A recent poll of U.K. citizens, conducted by the University of Nottingham, found that 58 percent of men support fracking, compared with only 31.5 percent of women. What explains the difference? Obviously, women don’t understand science. So says Averil Macdonald, the chairwoman of the U.K.’s main shale gas lobbying organization.
In an interview for the Times of London, Macdonald argued that men get facts. “But women, for whatever reason, have not been persuaded by the facts.” She would later write in the Guardian that women typically don’t receive the same scientific education as men; as a result, she says, they lack confidence and “scientific language does not resonate with them.” Instead, they go with how they “feel” and “their gut reaction.” On “one side there are scientific facts … on the other emotional fears.”
It’s ironic that someone who claims to be speaking in the name of science should so unscientifically explain poll results by shooting from the hip with unfounded speculation. I helped to lead the effort to ban fracking in Denton, Texas, and I’ve seen a lot of offensive behaviors from the oil and gas industry. But that this baseless stereotype takes the cake, and I’m happy to see her remarks have met with backlash.
Many of the most intelligent activists I have worked with are women. But my problem with Macdonald’s position is not just the sexism; it’s also the scientism. What I mean by that is her assumption that political questions about whether, where, and how to frack can be reduced to a scientific process of winnowing fact from fiction.
Macdonald writes, “The science behind fracking is well understood: it’s been used for more than 60 years.” Here’s the bait-and-switch in her argument. Yes, the science of how to get gas out of shale is well-established. But the science about the environmental and health impacts of doing that on a massive scale is still young. A compendium of such impact science released by Physicians for Social Responsibility a week before Macdonald’s remarks notes that “over half of the available studies on the adverse impacts of shale and tight gas development have been published since January 2014.”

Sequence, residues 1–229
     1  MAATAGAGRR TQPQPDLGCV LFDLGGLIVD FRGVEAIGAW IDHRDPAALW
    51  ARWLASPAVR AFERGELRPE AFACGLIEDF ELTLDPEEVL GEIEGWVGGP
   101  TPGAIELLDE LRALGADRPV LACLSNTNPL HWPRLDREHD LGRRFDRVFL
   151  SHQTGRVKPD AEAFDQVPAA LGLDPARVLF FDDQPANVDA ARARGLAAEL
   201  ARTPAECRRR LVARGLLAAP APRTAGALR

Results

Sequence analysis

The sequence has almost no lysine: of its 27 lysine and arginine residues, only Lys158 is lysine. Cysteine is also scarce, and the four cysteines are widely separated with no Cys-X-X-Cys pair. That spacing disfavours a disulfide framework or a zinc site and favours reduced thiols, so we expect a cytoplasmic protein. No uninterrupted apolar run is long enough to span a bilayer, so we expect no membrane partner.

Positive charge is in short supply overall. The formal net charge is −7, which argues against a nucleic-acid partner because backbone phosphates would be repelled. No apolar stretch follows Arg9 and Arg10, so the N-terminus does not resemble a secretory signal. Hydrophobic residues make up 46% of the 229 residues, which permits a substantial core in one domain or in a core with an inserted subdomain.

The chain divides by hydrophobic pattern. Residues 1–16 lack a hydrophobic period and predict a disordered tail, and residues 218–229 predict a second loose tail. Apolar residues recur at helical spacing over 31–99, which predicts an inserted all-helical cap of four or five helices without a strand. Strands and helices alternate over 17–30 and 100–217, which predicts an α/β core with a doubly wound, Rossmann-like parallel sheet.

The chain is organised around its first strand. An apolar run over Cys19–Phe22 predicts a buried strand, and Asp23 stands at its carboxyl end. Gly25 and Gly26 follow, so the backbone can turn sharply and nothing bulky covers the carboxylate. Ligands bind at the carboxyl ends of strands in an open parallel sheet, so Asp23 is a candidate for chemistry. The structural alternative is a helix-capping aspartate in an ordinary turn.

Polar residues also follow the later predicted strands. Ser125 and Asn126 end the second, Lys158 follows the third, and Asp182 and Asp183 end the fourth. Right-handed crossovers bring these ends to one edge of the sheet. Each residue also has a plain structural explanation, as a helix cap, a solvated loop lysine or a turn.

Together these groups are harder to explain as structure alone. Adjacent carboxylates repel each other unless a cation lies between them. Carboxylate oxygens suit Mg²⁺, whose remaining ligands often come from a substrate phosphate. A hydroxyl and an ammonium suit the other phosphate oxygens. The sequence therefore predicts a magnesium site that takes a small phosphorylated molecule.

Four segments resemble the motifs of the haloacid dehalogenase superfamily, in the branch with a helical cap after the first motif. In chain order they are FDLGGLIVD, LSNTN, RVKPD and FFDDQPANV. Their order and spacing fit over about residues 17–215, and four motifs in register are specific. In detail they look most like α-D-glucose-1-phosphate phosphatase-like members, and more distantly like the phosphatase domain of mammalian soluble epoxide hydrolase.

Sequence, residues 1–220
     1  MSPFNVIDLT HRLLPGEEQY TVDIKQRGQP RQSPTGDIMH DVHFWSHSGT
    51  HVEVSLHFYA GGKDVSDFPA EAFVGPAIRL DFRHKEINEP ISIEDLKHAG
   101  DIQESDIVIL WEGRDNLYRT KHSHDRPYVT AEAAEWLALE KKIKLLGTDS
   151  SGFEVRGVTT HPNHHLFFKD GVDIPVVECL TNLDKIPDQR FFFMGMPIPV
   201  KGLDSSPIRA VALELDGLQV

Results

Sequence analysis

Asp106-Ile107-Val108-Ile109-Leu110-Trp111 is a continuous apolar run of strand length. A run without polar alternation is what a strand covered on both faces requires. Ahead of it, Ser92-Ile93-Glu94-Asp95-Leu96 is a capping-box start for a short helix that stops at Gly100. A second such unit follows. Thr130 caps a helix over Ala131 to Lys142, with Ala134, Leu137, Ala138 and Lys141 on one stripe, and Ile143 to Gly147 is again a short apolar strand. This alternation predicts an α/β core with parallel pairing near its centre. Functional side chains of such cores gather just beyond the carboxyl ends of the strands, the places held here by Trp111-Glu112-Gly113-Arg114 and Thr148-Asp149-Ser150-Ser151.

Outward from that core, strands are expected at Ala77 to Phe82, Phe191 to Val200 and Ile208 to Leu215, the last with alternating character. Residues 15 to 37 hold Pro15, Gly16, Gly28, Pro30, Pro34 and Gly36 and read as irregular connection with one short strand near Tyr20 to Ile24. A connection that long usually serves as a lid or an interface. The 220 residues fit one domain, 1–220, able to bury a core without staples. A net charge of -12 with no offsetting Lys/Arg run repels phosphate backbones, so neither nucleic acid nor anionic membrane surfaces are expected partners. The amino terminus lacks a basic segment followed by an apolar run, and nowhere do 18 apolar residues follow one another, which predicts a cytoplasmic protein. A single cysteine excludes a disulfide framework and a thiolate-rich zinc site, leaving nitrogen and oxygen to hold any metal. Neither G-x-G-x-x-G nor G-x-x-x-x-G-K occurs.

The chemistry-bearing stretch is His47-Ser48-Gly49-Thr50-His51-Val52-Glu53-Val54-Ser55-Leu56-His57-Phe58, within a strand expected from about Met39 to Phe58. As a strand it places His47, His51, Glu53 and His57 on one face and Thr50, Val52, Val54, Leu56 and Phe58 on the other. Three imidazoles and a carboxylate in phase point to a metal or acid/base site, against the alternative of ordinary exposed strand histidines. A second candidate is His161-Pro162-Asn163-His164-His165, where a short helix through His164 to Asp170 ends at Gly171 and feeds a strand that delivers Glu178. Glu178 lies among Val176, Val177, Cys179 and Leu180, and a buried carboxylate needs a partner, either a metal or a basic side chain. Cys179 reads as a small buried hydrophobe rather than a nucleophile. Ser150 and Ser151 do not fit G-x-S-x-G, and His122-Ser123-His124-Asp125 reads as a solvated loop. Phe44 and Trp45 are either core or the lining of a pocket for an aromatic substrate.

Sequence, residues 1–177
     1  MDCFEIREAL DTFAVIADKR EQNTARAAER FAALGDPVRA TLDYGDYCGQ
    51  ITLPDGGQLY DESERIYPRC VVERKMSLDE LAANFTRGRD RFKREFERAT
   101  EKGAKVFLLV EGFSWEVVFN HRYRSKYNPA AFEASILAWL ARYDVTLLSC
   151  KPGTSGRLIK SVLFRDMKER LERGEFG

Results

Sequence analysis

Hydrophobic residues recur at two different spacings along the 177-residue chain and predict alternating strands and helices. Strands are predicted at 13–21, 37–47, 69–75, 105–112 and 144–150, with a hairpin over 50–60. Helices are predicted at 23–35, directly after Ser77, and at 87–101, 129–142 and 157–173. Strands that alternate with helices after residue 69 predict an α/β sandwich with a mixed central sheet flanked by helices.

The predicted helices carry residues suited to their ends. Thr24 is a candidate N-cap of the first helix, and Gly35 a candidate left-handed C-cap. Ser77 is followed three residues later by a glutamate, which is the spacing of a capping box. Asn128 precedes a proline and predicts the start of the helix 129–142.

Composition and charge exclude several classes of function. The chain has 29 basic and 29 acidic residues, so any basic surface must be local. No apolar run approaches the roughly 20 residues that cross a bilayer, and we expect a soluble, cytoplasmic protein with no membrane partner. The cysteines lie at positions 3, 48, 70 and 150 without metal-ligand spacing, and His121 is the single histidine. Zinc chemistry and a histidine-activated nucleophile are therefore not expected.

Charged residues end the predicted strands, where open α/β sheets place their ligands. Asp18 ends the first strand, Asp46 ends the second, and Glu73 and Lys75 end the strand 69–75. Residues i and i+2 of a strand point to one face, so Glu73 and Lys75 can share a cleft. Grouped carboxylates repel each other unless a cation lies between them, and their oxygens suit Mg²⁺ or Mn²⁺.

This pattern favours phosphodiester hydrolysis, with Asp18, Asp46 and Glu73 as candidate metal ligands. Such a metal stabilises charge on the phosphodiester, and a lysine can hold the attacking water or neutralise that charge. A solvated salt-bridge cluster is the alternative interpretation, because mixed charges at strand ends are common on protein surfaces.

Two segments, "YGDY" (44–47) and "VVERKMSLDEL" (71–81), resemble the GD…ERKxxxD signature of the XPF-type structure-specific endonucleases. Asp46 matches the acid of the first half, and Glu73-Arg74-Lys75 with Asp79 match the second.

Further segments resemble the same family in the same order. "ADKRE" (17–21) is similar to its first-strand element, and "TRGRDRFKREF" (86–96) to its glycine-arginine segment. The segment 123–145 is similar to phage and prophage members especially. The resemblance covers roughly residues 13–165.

That compendium argues that a vast majority of these studies shows adverse impacts on water, air, and public health. Of course, Macdonald cites other studies to argue that the facts are on her side. That’s the problem. If by “facts” we mean claims found in scientific studies, then there are always going to be plenty of facts to support both sides of this issue.
Macdonald’s fact-deficit model misses the point. It’s not as simple as using “scientific evidence to reassure local communities,” because there’s plenty of scientific evidence that is not so reassuring. Macdonald is trying to pass off her own interpretation of a variegated field of study as simply “the science.” In such a complex issue, all uses of facts are selective. It’s not a matter of understanding facts—it’s a matter of discerning which facts are most relevant.
Here’s a case in point. A peer-reviewed study (funded by an industry lobbying group) about fracking and volatile organic compound emissions on the Barnett Shale in Texas concludes that “shale gas production activities have not resulted in community-wide exposures to those VOCs at levels that would pose a health concern.”
Of course, this is not some polished mirror of nature but rather the output of methodological choices and limitations. Most importantly, this “fact”—purportedly about a 5,000-square-mile area and about compounds that have very short half-lives in the atmosphere—is derived from just six monitoring stations. It says nothing about the air quality in the yards of my friends who live miles from the nearest monitor but who have gas wells and compressors across the street. Another study that grabbed air samples at locations of concern for residents found “Levels of eight volatile chemicals exceeded federal guidelines.” This fact, unlike the former, speaks to the actual concerns at stake. Not all facts are created equal.
Macdonald is going to run into plenty of women who will have spent years putting the feet of facts to the fire. She’s going to come off looking like the one who lacks education with her breezy talk about science literacy.
A position on an issue is not a fact. It’s a constellation of one’s interpretation of the research along with one’s values. Particularly important are assessments of risk and an underlying sense of our relationship with nature.
When I was campaigning for the fracking ban in Denton, I would often say that reasonable people can disagree on this issue. That’s because reasonable people can assemble different bodies of facts, which will in turn be hitched to different constellations of views about technology, risk, justice, and more. I’m not saying it’s all relative; we can identify which positions are stronger. We need arguments to do that, though, not a laundry list of facts.
Consider Macdonald’s own conclusions. She says that fracking can be done “safely and responsibly” with “minimal impacts to local communities.” But “safety” and “responsibility” are not facts. How safe is safe enough? Responsible by whose standards? There are no scientific answers to such questions. In the past couple of years, Denton has seen one gas well blowout, a fire, and an explosion. Is that “minimal impact”? After all, it’s only three incidents. Then again, what if you live next to the well that explodes?
Maybe the industry thinks it is carrying out the Enlightenment vision of consilience or the unity of knowledge: One day we’ll all see fracking in the same way, as it really is! If so, then they need to catch up with our post-modern times. It’s not a lack of understanding. It’s that there are different kinds of understanding.